Selling Above The Line
There is a very important concept in sales that you need to know to truly understand the modern sales process and to be successful. This is more critical when you go into a full cycle sales role (AE role) but still important for an SDR because you are going to be prospecting into both personas.
The concept Selling Above and Below the Line was created by world-class sales trainer Skip Miller. What this means is that after the initial expression of interest in your product, the decision makers on the buyer's end now split into two groups with two sets of concerns– the Below the Line Outcome and the Above the Line Outcome.
The Below the Line buyer is the User Buyer, who appears to be driving this decision and is the person with the list of needs and the decision criteria. Salespeople tend to drop below the line as soon as they have found some interest because they love talking about features and benefits which is what the salesperson is trained to talk about. Below the line are typically Managers, Analysts, that are going to manage and use your product day-to-day but don't make the ultimate decision.
The Above the line buyer are the C-suite, Head of a department, etc. They look at a sale differently, since they have different needs than Below the line buyers. The Above the line buys something or gives authorization to buy something when she recognizes the need to do something or change something. (for example, respond to a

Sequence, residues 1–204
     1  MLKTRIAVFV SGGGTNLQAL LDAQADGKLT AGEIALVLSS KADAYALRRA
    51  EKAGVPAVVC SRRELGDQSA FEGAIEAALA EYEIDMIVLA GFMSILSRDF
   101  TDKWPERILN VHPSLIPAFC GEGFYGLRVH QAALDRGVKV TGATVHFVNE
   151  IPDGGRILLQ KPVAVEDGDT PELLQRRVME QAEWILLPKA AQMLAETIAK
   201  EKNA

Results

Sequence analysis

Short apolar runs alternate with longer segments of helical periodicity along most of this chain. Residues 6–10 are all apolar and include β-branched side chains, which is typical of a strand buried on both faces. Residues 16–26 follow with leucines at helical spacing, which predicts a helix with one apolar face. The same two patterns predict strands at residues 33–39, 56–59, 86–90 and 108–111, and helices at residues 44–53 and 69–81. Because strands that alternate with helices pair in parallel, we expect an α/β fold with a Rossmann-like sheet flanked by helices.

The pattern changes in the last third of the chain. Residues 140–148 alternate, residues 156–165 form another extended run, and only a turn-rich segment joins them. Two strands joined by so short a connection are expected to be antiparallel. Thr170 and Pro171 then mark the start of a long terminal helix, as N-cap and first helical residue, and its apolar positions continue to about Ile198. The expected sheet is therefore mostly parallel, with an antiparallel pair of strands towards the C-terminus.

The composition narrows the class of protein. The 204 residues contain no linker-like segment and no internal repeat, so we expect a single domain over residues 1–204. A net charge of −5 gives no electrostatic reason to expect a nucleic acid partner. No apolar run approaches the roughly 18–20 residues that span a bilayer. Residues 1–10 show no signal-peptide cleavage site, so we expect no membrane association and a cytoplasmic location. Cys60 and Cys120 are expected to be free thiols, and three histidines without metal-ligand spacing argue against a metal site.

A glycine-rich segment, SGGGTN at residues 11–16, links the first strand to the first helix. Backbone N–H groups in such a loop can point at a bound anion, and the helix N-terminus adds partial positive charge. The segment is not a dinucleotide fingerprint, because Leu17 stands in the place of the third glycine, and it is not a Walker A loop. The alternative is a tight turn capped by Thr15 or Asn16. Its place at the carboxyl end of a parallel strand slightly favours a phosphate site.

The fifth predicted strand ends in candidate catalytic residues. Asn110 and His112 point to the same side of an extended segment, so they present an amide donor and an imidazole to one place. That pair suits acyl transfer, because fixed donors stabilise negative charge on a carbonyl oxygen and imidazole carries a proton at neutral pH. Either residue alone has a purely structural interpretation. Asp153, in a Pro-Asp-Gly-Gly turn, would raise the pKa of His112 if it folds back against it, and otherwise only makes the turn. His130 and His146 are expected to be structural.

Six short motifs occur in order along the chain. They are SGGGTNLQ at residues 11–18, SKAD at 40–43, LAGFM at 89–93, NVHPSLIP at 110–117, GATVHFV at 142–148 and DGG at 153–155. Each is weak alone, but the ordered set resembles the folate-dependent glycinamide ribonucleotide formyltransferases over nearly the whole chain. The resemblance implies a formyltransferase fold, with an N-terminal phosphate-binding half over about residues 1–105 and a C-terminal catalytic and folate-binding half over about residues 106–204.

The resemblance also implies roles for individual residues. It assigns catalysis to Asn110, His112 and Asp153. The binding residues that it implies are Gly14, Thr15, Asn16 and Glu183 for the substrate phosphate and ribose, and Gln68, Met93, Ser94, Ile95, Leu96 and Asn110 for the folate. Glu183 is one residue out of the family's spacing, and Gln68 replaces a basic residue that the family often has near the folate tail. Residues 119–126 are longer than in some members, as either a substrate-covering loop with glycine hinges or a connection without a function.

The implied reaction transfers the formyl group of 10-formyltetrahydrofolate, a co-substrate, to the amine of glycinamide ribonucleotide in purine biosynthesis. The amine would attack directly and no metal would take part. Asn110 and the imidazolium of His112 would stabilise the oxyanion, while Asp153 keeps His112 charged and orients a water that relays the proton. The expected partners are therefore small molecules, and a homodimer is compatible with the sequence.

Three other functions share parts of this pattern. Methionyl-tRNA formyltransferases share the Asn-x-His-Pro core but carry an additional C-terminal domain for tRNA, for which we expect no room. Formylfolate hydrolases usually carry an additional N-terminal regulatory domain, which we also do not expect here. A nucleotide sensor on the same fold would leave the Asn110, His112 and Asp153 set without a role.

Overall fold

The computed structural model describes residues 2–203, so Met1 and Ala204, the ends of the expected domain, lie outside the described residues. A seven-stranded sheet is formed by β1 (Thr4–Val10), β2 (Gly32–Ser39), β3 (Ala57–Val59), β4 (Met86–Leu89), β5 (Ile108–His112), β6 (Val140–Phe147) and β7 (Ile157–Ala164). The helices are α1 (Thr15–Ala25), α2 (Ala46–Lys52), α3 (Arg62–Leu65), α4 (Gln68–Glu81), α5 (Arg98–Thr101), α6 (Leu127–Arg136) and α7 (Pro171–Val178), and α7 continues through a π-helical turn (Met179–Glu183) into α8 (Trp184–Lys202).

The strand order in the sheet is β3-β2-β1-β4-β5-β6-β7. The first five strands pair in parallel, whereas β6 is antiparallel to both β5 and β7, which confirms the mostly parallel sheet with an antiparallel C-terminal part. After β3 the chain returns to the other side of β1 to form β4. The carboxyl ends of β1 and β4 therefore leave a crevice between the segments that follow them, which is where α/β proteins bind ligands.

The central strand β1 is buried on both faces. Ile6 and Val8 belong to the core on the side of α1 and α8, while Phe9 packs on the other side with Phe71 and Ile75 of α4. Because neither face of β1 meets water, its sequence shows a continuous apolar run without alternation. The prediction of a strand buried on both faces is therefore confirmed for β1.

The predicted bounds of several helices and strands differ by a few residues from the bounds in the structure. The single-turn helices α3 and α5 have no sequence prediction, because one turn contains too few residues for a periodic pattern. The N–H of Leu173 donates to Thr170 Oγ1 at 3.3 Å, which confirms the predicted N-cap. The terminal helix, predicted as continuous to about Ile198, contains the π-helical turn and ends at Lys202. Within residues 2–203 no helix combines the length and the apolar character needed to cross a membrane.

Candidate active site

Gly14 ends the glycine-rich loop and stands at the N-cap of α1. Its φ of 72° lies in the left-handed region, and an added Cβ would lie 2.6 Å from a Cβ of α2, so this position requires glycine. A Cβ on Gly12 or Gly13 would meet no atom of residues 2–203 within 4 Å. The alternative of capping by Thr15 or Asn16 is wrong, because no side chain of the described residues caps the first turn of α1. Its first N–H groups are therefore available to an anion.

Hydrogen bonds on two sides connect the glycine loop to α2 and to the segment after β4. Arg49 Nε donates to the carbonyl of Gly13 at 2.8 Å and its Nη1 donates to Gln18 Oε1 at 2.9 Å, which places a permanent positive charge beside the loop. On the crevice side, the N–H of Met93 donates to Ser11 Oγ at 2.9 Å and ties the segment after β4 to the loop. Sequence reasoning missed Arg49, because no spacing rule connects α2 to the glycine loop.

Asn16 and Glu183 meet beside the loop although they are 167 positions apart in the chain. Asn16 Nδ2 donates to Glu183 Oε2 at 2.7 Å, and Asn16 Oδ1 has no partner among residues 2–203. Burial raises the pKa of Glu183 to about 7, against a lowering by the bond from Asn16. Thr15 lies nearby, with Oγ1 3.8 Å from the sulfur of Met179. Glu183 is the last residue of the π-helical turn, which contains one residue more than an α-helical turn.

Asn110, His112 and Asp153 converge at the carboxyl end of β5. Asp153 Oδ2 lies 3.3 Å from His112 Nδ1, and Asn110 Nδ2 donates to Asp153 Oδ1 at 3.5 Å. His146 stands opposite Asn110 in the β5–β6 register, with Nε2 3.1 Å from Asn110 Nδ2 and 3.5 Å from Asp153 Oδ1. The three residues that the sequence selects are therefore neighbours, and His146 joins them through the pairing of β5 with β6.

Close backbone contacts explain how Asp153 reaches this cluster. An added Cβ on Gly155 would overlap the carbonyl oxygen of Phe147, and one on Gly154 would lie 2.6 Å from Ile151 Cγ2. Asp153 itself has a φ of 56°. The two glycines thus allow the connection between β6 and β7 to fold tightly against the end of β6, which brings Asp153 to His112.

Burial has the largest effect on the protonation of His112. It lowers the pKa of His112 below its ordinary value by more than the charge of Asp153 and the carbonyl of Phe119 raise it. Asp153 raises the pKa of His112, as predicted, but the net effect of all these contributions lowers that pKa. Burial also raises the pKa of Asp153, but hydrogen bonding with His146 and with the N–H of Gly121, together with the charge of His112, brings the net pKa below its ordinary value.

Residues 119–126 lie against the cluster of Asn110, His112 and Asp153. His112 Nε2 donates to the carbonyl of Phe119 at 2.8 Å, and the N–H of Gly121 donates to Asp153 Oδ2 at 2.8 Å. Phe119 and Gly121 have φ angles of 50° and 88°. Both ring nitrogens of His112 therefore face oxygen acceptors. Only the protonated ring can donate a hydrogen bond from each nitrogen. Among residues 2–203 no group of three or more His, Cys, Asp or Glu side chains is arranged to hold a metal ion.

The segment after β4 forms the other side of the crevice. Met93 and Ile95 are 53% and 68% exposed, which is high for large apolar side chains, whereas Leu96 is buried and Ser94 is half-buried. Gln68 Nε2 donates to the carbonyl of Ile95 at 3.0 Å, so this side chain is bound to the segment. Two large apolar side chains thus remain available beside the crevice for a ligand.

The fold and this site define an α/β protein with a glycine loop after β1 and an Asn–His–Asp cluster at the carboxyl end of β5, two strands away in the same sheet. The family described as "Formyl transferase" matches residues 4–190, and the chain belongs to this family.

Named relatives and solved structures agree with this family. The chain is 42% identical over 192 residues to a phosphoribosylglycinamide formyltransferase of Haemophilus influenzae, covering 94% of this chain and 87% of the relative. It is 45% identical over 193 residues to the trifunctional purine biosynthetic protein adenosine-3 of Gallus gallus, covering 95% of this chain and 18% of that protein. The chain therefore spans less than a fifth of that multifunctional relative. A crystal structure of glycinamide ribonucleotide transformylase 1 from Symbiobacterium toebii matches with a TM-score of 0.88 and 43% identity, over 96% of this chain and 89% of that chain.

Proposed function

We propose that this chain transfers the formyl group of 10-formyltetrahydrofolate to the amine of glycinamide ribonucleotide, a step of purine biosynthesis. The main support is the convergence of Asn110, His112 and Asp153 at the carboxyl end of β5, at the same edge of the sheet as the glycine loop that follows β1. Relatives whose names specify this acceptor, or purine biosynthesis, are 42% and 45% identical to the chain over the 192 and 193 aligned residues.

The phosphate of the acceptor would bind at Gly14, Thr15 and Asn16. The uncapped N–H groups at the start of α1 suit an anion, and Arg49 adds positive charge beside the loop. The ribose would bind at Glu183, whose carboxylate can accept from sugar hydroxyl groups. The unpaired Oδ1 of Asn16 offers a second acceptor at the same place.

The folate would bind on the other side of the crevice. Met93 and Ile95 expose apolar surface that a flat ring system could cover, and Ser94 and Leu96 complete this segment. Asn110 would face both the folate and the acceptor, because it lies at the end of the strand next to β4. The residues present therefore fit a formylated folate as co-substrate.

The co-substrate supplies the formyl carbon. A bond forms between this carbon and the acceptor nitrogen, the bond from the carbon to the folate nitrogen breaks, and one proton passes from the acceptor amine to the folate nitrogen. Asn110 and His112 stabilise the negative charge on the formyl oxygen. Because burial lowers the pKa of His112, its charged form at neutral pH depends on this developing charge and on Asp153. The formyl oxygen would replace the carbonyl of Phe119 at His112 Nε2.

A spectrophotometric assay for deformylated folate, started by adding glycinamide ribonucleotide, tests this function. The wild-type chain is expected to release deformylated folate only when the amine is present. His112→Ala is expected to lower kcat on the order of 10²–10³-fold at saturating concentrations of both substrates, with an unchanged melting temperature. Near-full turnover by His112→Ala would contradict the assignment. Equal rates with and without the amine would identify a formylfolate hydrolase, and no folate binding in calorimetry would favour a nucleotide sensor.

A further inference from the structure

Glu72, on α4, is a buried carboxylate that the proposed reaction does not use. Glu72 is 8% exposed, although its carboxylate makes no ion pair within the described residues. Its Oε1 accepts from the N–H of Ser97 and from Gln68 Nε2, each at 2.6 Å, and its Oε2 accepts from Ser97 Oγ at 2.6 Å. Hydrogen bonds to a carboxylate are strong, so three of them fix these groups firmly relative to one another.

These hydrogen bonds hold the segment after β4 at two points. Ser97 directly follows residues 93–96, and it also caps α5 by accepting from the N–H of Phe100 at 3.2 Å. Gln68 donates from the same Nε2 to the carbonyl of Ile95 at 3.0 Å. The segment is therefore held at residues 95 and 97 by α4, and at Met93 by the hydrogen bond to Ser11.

Now that you understand this concept let's move to understanding the Cause and Effect Split. What Skip Miller means by this is that the Effect are the lists of needs as the Below the Line will recommend the product with the right features and benefits. The Cause is the motivation, the energy for the sale. It's what is causing the Above the line executive to allocate resources and funds for this purchase.
When you are selling a product by Stage 2 (when the prospect has an interest in your product) the buyer splits into multiple personalities. That's because different parts of the organization want to know two different things.
1. Does your product/service fit our needs? Is it what we are looking for? (Below the Line case - features & benefits-driven)
2. Does it contribute to making money, saving time, and/or lowering risks? Can it contribute to our strategic priorities or the changes we are making? (Above the line case)